Bumblebee Nest Predation

In last August’s edition of the newsletter some of you may remember the discovery by Alison Mosson who found an exposed red- tailed bumblebee nest that had fallen victim to predation (possibly by a badger)! One year on and we thought it would be interesting to follow up on this kind of event by investigating a project being undertaken by Steph O’Connor at the university of Stirling looking at bumblebee nest predation.
In this study, Steph trained sniffer dog Toby (pictured right) to search for the nests of common bumblebee species. A total of 19 bumblebee nests were found and their entrances filmed until the nest died out at the end of the season. During this time a number of interesting observations were noted; animals found to be preying on bumblebees coming in and out of the nests included great tits, robins and crows, while shrews and voles were also spotted visiting the nests (although what they did inside the nest remains a mystery). Hedgehogs and squirrels were also found to show some interest in the nests. There were kills or attempted kills observed at 5 of the 19 nests with great tits the most prevalent predators in this study; they were found mainly to prey on large nests with lots of bee traffic. However Steph emphasizes that these nests were large enough to recover from the predation and all of the nests preyed upon produced new queens before the season was over. She also notes that the study focussed on the most common species of bumblebee, while the question remains as to how nest predation affects our less common species?

These amazing photographs taken by Linda Turner on her BeeWalk show a blue-tit preying on a buff-tail bumblebee and providing a meal for its offspring.

There was an interesting discussion earlier this month within the BeeWalk Google group, in which one volunteer told how they accidently discovered a common carder bee nest under some grass cuttings in his garden. Upon further inspection, they noticed fast-moving white grubs within the nest that were roughly half an inch long. Another volunteer writing in the forum guessed that they could be the larvae of a Wax moth and provided some interesting information on these nest parasites (sourced from www.thegardenprince.co.uk) “the female wax moth stakes out the bumblebee nest and hangs around outside for a few days to pick up its scent. Once she has done this, she enters the nest undetected to lay her eggs. These hatch into caterpillars, which start off by eating the nest debris before moving to the wax pots containing honey, pollen, and grubs. They create tough, silk tunnels, presumably to protect themselves from the adult bees. Before long the entire nest is gone, prompting the caterpillars to leave to pupate into next year’s wax moths.” A third volunteer mentioned that their daughter had been through exactly the same scenario, and also told of their experiences of the damage a wax moth can do to a hive of honeybees. It really is inspiring to see a BeeWalk community developing on this forum; asking questions, sharing information and helping each other out!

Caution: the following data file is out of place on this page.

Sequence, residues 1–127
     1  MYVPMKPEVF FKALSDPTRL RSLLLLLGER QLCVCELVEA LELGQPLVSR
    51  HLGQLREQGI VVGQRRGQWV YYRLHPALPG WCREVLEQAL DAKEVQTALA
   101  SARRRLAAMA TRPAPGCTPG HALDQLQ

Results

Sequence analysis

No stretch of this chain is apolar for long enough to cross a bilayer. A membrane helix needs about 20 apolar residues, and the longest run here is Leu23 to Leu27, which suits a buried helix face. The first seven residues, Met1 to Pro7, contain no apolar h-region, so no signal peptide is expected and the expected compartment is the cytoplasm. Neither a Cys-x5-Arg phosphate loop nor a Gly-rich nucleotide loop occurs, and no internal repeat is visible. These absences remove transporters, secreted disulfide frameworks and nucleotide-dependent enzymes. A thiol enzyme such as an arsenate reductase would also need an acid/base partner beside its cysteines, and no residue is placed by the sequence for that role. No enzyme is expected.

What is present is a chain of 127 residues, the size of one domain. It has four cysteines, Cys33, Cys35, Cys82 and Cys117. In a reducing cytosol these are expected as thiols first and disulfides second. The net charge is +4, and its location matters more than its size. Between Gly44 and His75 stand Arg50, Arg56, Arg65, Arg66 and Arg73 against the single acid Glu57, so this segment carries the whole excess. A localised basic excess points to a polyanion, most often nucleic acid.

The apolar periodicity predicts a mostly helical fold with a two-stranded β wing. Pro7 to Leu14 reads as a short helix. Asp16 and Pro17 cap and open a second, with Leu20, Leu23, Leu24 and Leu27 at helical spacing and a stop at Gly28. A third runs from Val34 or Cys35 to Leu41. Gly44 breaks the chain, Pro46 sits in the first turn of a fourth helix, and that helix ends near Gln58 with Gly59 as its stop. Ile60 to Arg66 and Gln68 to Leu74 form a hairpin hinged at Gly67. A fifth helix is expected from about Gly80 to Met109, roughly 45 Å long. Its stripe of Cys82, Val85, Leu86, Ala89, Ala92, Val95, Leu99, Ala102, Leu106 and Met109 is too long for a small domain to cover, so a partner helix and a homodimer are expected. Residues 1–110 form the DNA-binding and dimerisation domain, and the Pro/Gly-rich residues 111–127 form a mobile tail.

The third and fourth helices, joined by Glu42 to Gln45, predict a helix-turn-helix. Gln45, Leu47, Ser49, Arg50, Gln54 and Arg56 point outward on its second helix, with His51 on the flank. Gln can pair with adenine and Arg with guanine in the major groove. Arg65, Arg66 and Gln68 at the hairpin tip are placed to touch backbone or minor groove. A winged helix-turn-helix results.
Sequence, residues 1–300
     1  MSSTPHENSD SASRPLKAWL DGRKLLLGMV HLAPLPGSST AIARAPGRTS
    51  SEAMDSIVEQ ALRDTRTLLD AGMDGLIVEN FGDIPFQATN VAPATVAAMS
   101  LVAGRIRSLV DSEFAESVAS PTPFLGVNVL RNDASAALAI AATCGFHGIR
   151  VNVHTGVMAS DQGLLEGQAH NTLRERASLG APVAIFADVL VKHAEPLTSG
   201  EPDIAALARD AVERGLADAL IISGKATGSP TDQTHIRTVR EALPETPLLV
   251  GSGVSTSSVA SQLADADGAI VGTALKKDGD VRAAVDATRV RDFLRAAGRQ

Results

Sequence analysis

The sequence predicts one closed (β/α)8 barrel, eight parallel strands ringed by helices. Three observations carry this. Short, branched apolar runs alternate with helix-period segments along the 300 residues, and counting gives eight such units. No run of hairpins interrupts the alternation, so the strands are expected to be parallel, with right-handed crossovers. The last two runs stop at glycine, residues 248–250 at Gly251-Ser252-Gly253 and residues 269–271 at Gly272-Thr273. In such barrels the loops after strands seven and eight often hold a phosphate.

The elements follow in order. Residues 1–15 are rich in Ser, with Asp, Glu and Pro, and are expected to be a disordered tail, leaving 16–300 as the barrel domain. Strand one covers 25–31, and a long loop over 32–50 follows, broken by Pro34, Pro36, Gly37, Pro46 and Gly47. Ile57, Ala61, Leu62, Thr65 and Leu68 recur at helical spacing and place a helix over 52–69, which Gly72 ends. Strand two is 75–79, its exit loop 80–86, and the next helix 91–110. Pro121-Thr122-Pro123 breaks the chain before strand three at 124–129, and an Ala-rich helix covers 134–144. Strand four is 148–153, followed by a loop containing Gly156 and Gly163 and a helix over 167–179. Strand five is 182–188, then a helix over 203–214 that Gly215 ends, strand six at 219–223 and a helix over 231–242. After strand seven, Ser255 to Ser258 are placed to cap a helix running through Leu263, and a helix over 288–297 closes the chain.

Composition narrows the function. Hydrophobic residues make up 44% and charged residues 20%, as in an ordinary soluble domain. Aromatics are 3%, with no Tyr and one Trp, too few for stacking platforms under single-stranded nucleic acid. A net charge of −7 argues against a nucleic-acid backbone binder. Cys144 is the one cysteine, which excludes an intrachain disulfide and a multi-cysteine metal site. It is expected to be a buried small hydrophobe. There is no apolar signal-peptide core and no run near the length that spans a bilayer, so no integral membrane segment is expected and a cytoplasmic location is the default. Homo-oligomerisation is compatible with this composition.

Bumblebee Mating Strategies explained
These curious pictures taken by Elizabeth Winder (left) and John Taylor (both below); show a male and queen red tailed bumblebee mating. Possibly just as astonishing as these pictures is the story John told in his email as to how he managed to take this photograph. Despite being a mile and a half from home with no camera when he first saw the male red-tail jump the queen mid flight, at 64 years old he managed to run all the way home, grab his camera and drive back up to the spot where the two bees were amazingly still present!

After hearing John’s story and seeing these photographs we decided to consider the topic of bumblebee mating strategies for this edition of the newsletter. Male bumblebees are born late in the season and are the direct offspring of female bees laying eggs without mating (males therefore only have half the genes that females have). After spending a few days in the nest drinking nectar and building up strength, male bumblebees leave the nest and from then on fend for themselves, foraging for nectar and taking refuge in flowers and vegetation over night or when it rains. Male bumblebees are born with one goal in life – to mate. They achieve this by patrolling an area and depositing a scent on prominent objects such as tree trunks, rocks and flowers. Newly emerging queens who are ready to mate are attracted to the pheromones in the scent and subsequently enter the male bumblebee’s patrol area. The male will try to intercept a queen flying within his area in order to mate with her (apparently he will try and intercept anything queen shaped flying at the right height – even a rock thrown through the air). Once he has latched on to a queen, the pair usually settle down on the ground or in the undergrowth to mate, this can take anywhere between 10 and 80 minutes. After the mating has taken place the new queen will spend time provisioning the fuel she needs for the winter and find a place in which to hibernate. For a more detailed outlook on bumblebee mating seehttp://www.bumblebee.org/lifeMate.htm .